More than ten years ago, Ken Shevock, then the VP of Worldwide Support Operations for Cisco, commented “Nobody is really "winning' at Support. We're all doing the same things to try to keep up, but to get to the next level, we're going to have to do something new.” From the beginning of the technology industry, Support / Service â€” Customer Care â€” whatever the name â€” has been about reacting to problems reported by customers in their use of technology products. If ever we are to win, we need to recognize that how the industry has defined Support is inherently flawed. Invited to speak to a consortium of Support & Service executives in Bellevue, Washington, about The Redefinition of Customer Support, my presentation focused on why winning, under the current definition of the profession, is impossible -- and a vision of that something new.
Thinking that the act of restoring lost functionality in exception situations is somehow of the same stature as the value-purpose for buying the product in the first place is unfortunately all too common, but it's still flawed. No one buys a product in order to experience a breakage and then getting it fixed. Business products are purchased because they offer the potential for increased productivity and profitability to the purchaser. The real economic value exchange is: I give you an amount of money so that I can use the product to make much more money for myself. If Support is to become a true profession, it will be found in being perceived as a necessary component of that value expression. The new Mission Statement for Support needs to be: “We directly contribute to making more sustainable profitability faster/better for our company and yours -- and we can prove it.”
Every day, every hour, customer support / service contact center reps exercise one of the few powers they unquestionably possess -- the power to lose a customer. What's worse, their use of that power is invisible, for no one is ever held accountable for the loss. Who gave the Support team members such authority? How did they come to have such a significant impact upon the company's profitability? For the answers, we have to look well above the pay-grade of anyone in the center itself.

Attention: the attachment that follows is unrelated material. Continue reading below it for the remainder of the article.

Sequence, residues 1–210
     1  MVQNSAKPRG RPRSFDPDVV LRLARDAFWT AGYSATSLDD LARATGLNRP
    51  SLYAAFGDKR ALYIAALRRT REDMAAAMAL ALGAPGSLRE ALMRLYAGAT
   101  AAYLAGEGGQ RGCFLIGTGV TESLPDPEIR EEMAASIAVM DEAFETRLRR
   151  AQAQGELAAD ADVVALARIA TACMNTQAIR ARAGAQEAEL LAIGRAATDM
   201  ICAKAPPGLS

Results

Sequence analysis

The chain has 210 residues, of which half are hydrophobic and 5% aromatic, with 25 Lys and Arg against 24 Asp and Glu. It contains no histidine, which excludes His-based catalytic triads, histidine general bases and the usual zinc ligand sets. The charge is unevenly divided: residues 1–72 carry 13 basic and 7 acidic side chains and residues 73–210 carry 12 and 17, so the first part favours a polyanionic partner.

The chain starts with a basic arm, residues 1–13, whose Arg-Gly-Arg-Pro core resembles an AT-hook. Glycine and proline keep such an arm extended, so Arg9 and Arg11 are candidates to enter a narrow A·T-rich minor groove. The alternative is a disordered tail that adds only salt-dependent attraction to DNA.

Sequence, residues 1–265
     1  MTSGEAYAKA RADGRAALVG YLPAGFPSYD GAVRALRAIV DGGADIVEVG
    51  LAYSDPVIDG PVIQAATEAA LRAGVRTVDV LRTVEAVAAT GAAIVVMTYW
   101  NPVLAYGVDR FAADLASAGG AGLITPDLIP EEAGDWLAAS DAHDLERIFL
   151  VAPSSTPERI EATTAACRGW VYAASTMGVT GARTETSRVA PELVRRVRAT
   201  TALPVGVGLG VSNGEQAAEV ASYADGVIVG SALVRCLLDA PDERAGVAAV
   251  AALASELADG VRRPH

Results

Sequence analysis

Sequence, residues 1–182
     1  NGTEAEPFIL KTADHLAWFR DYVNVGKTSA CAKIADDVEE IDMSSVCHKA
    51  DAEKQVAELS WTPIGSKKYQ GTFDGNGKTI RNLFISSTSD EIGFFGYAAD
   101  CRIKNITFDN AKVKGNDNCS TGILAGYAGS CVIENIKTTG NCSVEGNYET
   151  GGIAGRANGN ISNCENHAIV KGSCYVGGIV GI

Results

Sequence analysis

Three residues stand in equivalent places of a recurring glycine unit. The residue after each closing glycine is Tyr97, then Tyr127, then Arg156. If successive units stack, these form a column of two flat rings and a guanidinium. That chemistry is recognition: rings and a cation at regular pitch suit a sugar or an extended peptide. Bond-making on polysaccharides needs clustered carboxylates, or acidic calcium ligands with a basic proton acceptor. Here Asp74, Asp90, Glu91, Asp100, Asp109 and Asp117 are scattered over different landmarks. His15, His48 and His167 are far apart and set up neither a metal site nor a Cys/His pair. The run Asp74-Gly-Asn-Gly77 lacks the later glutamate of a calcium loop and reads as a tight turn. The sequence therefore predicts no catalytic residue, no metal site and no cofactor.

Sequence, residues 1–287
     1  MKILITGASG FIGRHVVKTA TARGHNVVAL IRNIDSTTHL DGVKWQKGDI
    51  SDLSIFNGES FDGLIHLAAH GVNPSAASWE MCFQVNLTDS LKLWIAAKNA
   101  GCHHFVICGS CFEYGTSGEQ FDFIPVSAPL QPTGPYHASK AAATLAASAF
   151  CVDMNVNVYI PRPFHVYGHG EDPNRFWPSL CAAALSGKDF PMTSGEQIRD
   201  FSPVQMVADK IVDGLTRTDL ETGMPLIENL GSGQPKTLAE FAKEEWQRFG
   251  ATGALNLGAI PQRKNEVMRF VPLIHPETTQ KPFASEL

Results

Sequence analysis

CEO's of SaaS companies are beginning to notice a couple of vital aspects of their customer support operations. Their first wake-up call is the realization that they can't afford to staff their support team in the traditional way. The economics of an incremental income stream profits-realization model has no room for a cost-center support operation. The second realization is that they don't need as much of a support team. But in the space between those two realizations, there is a significant risk of a lost major opportunity. The SaaS model can indeed have a dramatically lowered product support burden for the manufacturer. It can also offer a powerful transition into customer centricity for those wise enough to take advantage of it.